29. Fre S, Huyghe M, Mourikis P, Robine S, Louvard D, Artavanis-Tsakonas S. Notch signals control the fate of immature progenitor cells in the intestine. Nature. 2005;435:964–968. [PubMed]
30. Shin S, Wakabayashi N, Misra V, Biswal S, Lee GH, Agoston ES, Yamamoto M, Kensler TW. NRF2 modulates aryl hydrocarbon receptor signaling: influence on adipogenesis. Mol Cell Biol. 2007;27:7188–7197. [PMC free article] [PubMed]
31. Yang H, Magilnick N, Lee C, Kalmaz D, Ou X, Chan JY, Lu SC. Nrf1 and Nrf2 regulate rat glutamate-cysteine ligase catalytic subunit transcription indirectly via NF-kappaB and AP-1. Mol Cell Biol. 2005;25:5933–5946. [PMC free article] [PubMed]
32. Rangarajan A, Talora C, Okuyama R, Nicolas M, Mammucari C, Oh H, Aster JC, Krishna S, Metzger D, Chambon P, Miele L, Aguet M, Radtke F, Dotto GP. Notch signaling is a direct determinant of keratinocyte growth arrest and entry into differentiation. Embo J. 2001;20:3427–3436. [PubMed]
33. Wakabayashi N, Itoh K, Wakabayashi J, Motohashi H, Noda S, Takahashi S, Imakado S, Kotsuji T, Otsuka F, Roop DR, Harada T, Engel JD, Yamamoto M. Keap1-null mutation leads to postnatal lethality due to constitutive Nrf2 activation. Nat Genet. 2003;35:238–245. [PubMed]
34. Itoh K, Wakabayashi N, Katoh Y, Ishii T, O’Connor T, Yamamoto M. Keap1 regulates both cytoplasmic-nuclear shuttling and degradation of Nrf2 in response to electrophilles. Genes Cells. 2003;8:379–391. [PubMed]
35. Tsuji H I-OH, Ukai H, Katsube T, Ogiu T. Radiation-induced deletions in the 5′ end region of Notch1 lead to the formation of truncated proteins and are involved in the development of mouse thymic lymphomas. Carcinogenesi. 2003;24:1257–1268. [PubMed]
36. Nye JS, Kopan R, Axel R. An activated Notch suppresses neurogenesis and myogenesis but not gliogenesis in mammalian cells. Development. 1994;120:2421–2430. [PubMed]
37. Yu X, Kensler T. Nrf2 as a target for cancer chemoprevention. Mutat Res. 2005;591:93–102. [PubMed]
38. Kwak MK, Wakabayashi N, Greenlaw JL, Yamamoto M, Kensler TW. Antioxidants enhance mammalian proteasome expression through the Keap1-Nrf2 signaling pathway. Mol Cell Biol. 2003;23:8786–8794. [PMC free article] [PubMed]
39. Nicolas M, Wolfer A, Raj K, Kummer JA, Mill P, van Noort M, Hui CC, Clevers H, Dotto GP, Radtke F. Notch1 functions as a tumor suppressor in mouse skin. Nat Genet. 2003;33:416–421. [PubMed]
40. Radtke F, Raj K. The role of Notch in tumorigenesis: oncogene or tumour suppressor? Nat Rev Cancer. 2003;3:756–767. [PubMed]
41. Beyer TA, Werner S. The cytoprotective Nrf2 transcription factor controls insulin receptor signaling in the regenerating liver. Cell Cycle. 2008;7:874–878. [PubMed]
42. Chan K, Lu R, Chang JC, Kan YW. NRF2, a member of the NFE2 family of transcription factors, is not essential for murine erythropoiesis, growth, and development. Proc Natl Acad Sci USA. 1996;93:13943–13948. [PubMed]
43. Gray HF Paul A, Luo Ping, Zhao Qing, Yu Jing, Ferrari Annette, Tenzen Toyoaki, Yuk Dong-in, Tsung Eric F, Cai Zhaohui, Alberta John A, Cheng Le-ping, Liu Yang, Stenman Jan M, Valerius M Todd, Billings Nathan, Kim Haesun A, Greenberg Michael E, McMahon Andrew P, Rowitch David H, Stiles Charles D, Ma Qiufu. Mouse Brain Organization Revealed Through Direct Genome-Scale TF Expression Analysis. Science. 2004;306:2255–2257. [PubMed]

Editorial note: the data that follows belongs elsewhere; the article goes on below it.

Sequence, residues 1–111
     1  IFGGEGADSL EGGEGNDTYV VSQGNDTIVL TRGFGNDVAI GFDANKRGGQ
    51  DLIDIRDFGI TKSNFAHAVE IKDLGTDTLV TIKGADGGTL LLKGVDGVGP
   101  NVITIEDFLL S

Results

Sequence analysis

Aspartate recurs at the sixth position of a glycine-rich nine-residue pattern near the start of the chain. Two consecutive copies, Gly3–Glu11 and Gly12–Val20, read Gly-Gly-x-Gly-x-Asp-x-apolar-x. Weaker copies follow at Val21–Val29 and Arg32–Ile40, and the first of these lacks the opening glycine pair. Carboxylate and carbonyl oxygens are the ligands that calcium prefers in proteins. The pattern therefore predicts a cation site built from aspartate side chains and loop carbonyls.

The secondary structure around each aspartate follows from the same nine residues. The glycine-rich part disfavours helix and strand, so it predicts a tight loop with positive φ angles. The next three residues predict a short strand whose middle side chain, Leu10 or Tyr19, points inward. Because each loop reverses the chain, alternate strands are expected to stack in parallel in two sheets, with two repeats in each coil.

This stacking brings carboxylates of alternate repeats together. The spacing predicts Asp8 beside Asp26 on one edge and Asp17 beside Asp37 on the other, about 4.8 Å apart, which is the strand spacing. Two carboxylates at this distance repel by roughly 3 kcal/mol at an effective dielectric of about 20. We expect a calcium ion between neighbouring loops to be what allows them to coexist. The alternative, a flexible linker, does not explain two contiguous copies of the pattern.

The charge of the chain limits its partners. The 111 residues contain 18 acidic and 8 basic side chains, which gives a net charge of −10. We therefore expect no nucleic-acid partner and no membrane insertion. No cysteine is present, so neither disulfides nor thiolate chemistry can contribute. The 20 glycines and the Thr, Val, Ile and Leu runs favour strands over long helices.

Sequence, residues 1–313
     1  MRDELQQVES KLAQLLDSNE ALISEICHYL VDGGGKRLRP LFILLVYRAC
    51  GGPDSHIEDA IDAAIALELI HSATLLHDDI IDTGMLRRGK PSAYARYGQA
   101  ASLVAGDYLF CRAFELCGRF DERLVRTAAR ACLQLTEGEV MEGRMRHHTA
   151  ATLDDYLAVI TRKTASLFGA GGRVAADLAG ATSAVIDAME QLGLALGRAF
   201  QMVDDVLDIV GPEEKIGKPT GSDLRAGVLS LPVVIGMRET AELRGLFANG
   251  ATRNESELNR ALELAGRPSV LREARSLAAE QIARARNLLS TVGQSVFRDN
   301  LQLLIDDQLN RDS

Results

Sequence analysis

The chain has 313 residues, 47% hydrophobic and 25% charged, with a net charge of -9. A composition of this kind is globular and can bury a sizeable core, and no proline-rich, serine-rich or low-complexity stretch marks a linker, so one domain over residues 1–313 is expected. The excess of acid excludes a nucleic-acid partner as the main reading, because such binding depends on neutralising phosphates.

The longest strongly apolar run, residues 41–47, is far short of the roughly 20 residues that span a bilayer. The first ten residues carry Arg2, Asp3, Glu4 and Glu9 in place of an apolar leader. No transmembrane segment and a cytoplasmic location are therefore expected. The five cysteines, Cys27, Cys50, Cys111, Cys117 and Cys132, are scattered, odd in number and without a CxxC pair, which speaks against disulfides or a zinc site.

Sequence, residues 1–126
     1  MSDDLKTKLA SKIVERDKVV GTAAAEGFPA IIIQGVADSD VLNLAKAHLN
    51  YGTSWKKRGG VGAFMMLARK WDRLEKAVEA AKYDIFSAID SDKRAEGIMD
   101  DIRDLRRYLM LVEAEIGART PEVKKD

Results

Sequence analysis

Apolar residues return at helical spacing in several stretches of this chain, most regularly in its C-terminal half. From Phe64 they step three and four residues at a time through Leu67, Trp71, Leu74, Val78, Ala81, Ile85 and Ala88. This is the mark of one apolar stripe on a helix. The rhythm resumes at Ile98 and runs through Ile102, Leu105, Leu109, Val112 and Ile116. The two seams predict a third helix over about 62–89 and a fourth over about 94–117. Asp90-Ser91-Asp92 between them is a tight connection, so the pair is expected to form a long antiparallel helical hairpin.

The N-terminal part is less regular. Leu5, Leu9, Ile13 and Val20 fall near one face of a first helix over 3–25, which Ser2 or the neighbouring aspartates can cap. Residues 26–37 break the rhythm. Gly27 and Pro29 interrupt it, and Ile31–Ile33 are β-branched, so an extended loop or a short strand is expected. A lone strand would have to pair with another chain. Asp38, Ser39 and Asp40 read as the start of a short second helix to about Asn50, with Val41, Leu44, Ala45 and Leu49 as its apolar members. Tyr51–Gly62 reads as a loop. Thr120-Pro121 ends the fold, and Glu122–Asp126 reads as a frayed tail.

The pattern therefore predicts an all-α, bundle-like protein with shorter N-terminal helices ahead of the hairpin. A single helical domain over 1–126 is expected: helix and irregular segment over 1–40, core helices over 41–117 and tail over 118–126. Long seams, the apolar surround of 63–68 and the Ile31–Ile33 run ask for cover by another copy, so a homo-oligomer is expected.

44. Sander GR, Powell BC. Expression of notch receptors and ligands in the adult gut. J Histochem Cytochem. 2004;52:509–516. [PubMed]
45. Stanger BZ, Datar R, Murtaugh LC, Melton DA. Direct regulation of intestinal fate by Notch. Proc Natl Acad Sci USA. 2005;102:12443–12448. [PubMed]
46. Cho HY, Jedlicka AE, Reddy SP, Kensler TW, Yamamoto M, Zhang LY, Kleeberger SR. Role of NRF2 in protection against hyperoxic lung injury in mice. Am J Respir Cell Mol Biol. 2002;26:175–182. [PubMed]
47. Reddy NM, Suryanaraya V, Yates MS, Kleeberger SR, Hassoun PM, Yamamoto M, Liby KT, Sporn MB, Kensler TW, Reddy SP. The triterpenoid CDDO-imidazolide confers potent protection against hyperoxic acute lung injury in mice. Am J Respir Crit Care Med. 2009;180:867–874. [PMC free article] [PubMed]
48. Badea TC, Wang Y, Nathans J. A noninvasive genetic/pharmacologic strategy for visualizing cell morphology and clonal relationships in the mouse. J Neurosci. 2003;23:2314–2322. [PubMed]
49. Murtaugh LC, Stanger BZ, Kwan KM, Melton DA. Notch signaling controls multiple steps of pancreatic differentiation. Proc Natl Acad Sci USA. 2003;100:14920–14925. [PubMed]
50. Postic C, Magnuson MA. DNA excision in liver by an albumin-Cre transgene occurs progressively with age. Genesis. 2000;26:149–150. [PubMed]
51. Mitchell C, Willenbring H. A reproducible and well-tolerated method for 2/3 partial hepatectomy in mice. Nat Protoc. 2008;3:1167–1170. [PubMed]
52. Koopman P, Gubbay J, Vivian N, Goodfellow P, Lovell-Badge R. Male development of chromosomally female mice transgenic for Sry. Nature. 1991;351:117–121. [PubMed]
53. Neves H, Weerkamp F, Gomes AC, Naber BA, Gameiro P, Becker JD, Lucio P, Clode N, van Dongen JJ, Staal FJ, Parreira L. Effects of Delta1 and Jagged1 on early human hematopoiesis: correlation with expression of notch signaling-related genes in CD34+ cells. Stem Cell. 2006;24:1328–1337. [PubMed]
54. Chen C, Okayama H. High-efficiency transformation of mammalian cells by plasmid DNA. Mol Cell Biol. 1987;7:2745–2752. [PMC free article] [PubMed]
55. Zhang Y TP, Cho CG, Posner GH. A major inducer of anticarcinogenic protective enzymes from broccoli: isolation and elucidation of structure. Proc Natl Acad Sci USA. 1992;89:2399–2403. [PubMed]
56. Pfaffl MW. A new mathematical model for relative quantification in real-time RT-PCR. Nucleic Acids Res. 2001;29:e45. [PMC free article] [PubMed]
57. Dignam JD, Lebovitz RM, Roeder RG. Accurate transcription initiation by RNA polymerase II in a soluble extract from isolated mammalian nuclei. Nucleic Acids Res. 1983;11:1475–1489. [PMC free article] [PubMed]